As we celebrate our mothers today, and I reflect on my own, wonderfully supportive best friend/confidant/call-me-outer/prayer warrior/nurturer and foundation for my life, I checked out Publisher’s Weekly list of “The 10 Worst Mothers In Books.” The list includes Beth Jarrett from Ordinary People, and Queen Gertrude from Hamlet, but one mother who sticks out to me is Joan Crawford, from Christina Crawford’s Mommie Dearest.
I never read the book, but thanks to Faye Dunaway, I do not have any wire hangers in my closet. Once, when I was mad at my mom for not letting me do something that was important to my teenage self, I mockingly said to my mom, “I love you, Mommie Dearest.” I still remember the hurt in her eyes, and her quiet request to never, ever refer to her that way again. Joan Crawford as mother is legendary and iconic, but is she one of the worst mothers in books?
One mother who instantly comes to mind, and should be added to the list, is Rozelle Quinn, from Delores Phillips, The Darkest Child. Synopsis from B&N:
Rozelle Quinn is so fair-skinned that she can pass for white. Yet everyone in her small Georgia town knows. Rozelle’s ten children (by ten different daddies) are mostly light, too. They sleep on the floor in her drafty, rickety three-room shack and live in fear of her moods and temper. But they are all vital to her. They occupy the only world she rules and controls. They multiply her power in an otherwise cruel and uncaring universe.
Rozelle favors her light-skinned kids, but insists that they all love and obey her unquestioningly. Tangy Mae, thirteen, is her brightest but darkest-complected child. Tangy wants desperately to continue with her education. Shockingly, the highest court in the land has just ruled that Negroes may go to school with whites. Her mother, however, has other plans.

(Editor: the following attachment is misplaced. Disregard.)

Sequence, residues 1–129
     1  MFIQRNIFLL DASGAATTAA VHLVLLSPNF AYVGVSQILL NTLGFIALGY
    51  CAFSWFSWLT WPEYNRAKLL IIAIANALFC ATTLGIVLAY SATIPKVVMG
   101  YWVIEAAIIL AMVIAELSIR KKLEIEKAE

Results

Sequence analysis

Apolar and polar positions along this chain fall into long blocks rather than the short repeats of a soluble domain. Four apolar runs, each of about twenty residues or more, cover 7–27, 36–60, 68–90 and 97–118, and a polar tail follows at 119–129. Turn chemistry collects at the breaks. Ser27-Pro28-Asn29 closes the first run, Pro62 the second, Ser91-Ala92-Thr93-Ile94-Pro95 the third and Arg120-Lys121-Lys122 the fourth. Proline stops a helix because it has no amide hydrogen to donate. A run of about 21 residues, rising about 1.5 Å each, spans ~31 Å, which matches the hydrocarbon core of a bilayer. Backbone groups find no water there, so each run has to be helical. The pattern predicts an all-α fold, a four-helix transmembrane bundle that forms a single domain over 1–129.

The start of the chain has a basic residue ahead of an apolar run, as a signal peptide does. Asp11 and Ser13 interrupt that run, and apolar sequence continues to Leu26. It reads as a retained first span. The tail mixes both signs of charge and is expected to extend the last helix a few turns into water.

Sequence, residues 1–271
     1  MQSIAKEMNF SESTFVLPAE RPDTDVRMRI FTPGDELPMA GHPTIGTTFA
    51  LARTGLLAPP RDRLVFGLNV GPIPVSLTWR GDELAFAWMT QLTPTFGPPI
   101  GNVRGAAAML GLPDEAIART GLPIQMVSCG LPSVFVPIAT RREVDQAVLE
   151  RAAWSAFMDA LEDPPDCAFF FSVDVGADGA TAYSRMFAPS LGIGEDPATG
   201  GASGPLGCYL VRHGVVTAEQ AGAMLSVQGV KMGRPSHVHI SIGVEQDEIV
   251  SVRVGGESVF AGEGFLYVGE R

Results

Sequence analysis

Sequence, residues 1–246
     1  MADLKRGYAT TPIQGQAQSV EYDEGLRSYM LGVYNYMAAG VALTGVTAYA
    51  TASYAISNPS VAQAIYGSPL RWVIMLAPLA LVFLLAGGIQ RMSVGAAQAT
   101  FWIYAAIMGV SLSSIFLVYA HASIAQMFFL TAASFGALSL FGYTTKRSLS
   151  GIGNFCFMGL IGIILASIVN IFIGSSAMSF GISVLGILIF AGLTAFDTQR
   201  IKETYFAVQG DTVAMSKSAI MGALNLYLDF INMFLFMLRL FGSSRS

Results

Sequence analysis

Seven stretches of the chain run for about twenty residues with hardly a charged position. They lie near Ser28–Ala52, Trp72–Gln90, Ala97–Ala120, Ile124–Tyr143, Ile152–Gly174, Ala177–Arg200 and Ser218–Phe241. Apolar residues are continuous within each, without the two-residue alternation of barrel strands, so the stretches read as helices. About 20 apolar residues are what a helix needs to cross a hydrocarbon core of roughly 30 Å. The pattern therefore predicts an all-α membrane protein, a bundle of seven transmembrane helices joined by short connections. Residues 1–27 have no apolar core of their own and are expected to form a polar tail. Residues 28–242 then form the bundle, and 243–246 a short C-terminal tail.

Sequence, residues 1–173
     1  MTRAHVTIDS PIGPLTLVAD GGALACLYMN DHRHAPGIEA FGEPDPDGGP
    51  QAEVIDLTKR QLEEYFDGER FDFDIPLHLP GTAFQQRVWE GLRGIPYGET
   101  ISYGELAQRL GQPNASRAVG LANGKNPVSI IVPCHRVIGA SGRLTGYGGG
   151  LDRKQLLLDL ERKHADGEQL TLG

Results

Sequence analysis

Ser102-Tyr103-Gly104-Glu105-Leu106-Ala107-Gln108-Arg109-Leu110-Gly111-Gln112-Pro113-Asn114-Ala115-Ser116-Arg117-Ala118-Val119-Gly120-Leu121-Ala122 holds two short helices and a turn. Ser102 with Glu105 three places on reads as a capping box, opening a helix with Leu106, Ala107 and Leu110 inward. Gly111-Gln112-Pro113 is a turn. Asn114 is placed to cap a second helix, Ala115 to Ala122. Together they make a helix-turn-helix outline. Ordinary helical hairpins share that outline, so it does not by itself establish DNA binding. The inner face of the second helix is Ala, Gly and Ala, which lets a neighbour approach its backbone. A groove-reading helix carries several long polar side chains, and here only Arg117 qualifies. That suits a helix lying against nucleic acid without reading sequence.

Rozelle wants her daughter to work, cleaning houses for whites, like she does, and accompany her to the “Farmhouse,” where Rozelle earns extra money bedding men. Tangy Mae, she’s decided, is of age.
This is the story from an era when life’s possibilities for an African-American were unimaginably different.
The Kirkus review of the book calls Rozelle, “a monster whose treatment of her children reads like a charge sheet.” I read the book last year, and quickly finished it as I read the horrors of Tangy Mae’s world, and her desire for the love of a woman incapable of anything but pain. Goodreads has a wonderful list of quotes from the book. One of my favorites:
She denied and feared God in the same breath. She allowed our actions to shame her, and yet was void of shame. I truly believed there was something unnatural about her – a madness only her children could see. My yearning was not to understand it, but to escape it.
Do you agree with PW’s list of the ten worst mothers in books? Who would you add to the list?